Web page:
This is test data which is useful for finding issues with Confluence features and plugins. If you are a plugin developer, you should use it.
Test data – why it is useful
Developers tend to perform testing as users called “Test User” and use pages called “Test Page”
QA Engineers are looking to find problems, and we know that it is more effective to use more ‘challenging’ test data. This may include unicode characters, lengthy titles, XSS strings, etc. We also tend to use non-standard configurations – in Confluence this may mean a site using a non-default theme, or with anonymous access enabled, or with customised HTML headers on each page.
Sample page showing test data examples
Test data for Atlassian Confluence Developers
Over time, the Confluence QA team has built up a collection of test data including those cases mentioned above. We recently made it easy for Confluence Developers to start up a test instance using that data, which has the following advantages:
- Test data is already set up
- You can use existing spaces, users and pages, rather than needing to create them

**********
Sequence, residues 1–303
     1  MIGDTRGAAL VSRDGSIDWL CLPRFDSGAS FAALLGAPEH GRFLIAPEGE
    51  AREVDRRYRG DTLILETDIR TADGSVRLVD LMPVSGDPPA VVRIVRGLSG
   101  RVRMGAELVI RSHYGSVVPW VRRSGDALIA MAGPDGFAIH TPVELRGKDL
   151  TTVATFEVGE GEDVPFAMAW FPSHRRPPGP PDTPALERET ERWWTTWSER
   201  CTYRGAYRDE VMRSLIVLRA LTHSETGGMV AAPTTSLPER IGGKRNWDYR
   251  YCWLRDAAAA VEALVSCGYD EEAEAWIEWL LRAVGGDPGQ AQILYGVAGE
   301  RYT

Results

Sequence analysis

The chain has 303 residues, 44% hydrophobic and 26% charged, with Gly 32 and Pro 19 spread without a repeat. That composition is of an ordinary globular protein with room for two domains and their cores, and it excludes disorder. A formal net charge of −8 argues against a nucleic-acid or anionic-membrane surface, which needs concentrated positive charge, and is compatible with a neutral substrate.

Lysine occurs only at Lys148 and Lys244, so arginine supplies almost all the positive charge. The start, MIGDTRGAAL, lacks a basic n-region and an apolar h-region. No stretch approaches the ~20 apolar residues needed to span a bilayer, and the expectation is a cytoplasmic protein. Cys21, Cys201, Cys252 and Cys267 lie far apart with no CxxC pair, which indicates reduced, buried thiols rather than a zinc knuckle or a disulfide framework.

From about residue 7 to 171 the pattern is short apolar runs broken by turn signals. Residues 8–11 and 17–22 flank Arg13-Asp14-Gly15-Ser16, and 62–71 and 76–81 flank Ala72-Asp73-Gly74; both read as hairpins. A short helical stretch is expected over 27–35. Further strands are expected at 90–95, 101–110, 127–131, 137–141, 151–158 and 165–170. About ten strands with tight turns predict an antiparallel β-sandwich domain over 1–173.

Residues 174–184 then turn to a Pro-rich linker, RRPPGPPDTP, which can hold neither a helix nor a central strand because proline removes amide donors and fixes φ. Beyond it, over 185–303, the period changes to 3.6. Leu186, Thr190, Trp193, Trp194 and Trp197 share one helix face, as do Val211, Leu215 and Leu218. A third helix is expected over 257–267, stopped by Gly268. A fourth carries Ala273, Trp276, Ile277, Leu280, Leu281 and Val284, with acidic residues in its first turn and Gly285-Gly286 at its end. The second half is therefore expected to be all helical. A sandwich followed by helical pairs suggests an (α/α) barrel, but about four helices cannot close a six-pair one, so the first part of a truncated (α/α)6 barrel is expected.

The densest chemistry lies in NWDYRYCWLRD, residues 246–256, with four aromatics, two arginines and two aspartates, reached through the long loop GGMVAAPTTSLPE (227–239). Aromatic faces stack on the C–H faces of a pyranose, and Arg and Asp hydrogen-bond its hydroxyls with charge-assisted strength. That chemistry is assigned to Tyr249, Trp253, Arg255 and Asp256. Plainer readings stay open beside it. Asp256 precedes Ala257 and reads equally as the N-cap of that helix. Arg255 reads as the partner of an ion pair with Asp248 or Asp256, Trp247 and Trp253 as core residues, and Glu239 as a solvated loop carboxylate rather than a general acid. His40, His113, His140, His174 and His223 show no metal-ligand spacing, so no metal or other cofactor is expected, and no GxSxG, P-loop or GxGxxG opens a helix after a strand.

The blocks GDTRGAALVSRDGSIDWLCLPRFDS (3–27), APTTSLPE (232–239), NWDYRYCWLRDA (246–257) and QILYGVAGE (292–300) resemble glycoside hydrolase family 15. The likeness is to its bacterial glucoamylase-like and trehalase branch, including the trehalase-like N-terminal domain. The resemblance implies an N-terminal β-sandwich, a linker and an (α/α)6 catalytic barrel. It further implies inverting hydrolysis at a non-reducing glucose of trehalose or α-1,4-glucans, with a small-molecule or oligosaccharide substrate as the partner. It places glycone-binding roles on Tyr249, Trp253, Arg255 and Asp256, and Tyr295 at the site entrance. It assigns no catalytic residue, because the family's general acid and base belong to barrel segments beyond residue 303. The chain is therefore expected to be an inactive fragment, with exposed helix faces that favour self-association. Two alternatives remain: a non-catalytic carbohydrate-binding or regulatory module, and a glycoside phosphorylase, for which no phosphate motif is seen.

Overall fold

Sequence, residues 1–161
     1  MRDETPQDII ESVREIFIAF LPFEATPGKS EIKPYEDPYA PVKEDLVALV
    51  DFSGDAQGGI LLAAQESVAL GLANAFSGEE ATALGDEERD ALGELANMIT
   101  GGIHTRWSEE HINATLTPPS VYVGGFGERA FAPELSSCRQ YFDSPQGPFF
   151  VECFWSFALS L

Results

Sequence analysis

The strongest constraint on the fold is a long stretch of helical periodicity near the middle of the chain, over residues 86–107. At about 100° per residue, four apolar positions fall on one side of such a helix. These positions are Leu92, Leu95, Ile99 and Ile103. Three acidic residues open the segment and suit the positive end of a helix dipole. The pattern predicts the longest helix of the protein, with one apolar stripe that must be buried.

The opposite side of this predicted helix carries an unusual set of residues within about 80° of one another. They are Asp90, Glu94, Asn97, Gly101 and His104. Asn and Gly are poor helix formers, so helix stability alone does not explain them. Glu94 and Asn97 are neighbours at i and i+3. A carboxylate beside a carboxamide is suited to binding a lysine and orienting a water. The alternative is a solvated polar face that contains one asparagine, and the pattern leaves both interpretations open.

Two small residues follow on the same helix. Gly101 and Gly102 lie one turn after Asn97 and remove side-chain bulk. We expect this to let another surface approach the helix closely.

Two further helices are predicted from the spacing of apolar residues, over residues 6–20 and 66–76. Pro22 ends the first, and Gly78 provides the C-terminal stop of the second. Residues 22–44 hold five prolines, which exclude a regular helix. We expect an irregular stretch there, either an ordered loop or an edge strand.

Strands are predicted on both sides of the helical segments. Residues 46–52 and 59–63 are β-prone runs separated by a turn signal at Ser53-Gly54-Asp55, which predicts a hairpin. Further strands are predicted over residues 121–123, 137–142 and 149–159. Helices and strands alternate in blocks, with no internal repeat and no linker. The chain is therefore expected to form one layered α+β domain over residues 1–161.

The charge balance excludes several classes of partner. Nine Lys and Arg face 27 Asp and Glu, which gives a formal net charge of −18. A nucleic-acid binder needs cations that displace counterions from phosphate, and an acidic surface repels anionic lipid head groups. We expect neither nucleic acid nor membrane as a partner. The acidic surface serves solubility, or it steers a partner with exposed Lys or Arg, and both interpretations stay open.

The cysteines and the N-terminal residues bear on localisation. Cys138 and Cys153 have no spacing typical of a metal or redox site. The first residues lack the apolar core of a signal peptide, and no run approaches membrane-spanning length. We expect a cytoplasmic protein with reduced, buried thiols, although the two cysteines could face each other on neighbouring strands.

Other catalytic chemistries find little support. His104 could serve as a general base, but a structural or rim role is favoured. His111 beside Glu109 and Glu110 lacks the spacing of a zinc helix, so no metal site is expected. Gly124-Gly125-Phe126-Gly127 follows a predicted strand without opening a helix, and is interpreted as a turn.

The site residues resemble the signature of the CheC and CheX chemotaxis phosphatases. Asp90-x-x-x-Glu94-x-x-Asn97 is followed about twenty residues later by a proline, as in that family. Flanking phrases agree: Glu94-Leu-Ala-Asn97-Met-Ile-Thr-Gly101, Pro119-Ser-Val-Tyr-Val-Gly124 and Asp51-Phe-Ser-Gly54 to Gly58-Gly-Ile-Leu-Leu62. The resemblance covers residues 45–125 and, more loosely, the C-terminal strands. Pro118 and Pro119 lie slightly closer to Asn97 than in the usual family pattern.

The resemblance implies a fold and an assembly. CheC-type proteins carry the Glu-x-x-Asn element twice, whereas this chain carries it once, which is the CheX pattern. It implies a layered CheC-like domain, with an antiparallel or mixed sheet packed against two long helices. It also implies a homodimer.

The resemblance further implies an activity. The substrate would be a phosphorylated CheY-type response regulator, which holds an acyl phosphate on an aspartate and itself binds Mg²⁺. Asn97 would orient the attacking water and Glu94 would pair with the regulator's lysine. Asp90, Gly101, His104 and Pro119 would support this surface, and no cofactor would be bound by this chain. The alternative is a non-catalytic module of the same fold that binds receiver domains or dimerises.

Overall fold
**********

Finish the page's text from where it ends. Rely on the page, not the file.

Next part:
- Test data is more challenging that simply “Test Page”, “Test Blog” etc. – it uses attack strings, unicode characters, lengthy titles, and so on
- Users have XSS attack strings in their names – it is no longer possible to create these through the UI
- Easily generate ideas for test cases
- By looking at the available data, you might consider a test case that you had previously forgotten – e.g. anonymous use, space themes, non-default groups
- Instance has been customised
- Various customisations are in place, which may show up inconsistencies with features that work as expected in default mode only
Test data for Confluence Plugin Developers
The Confluence test data is now available for external developers. You can use the Atlassian SDK to automatically start up Confluence with this data for testing plugins. See the instructions.
Please comment here if you find this data useful. In particular, add your thoughts on whether this be the default data when starting an instance with atlas-run and/or atlas-debug.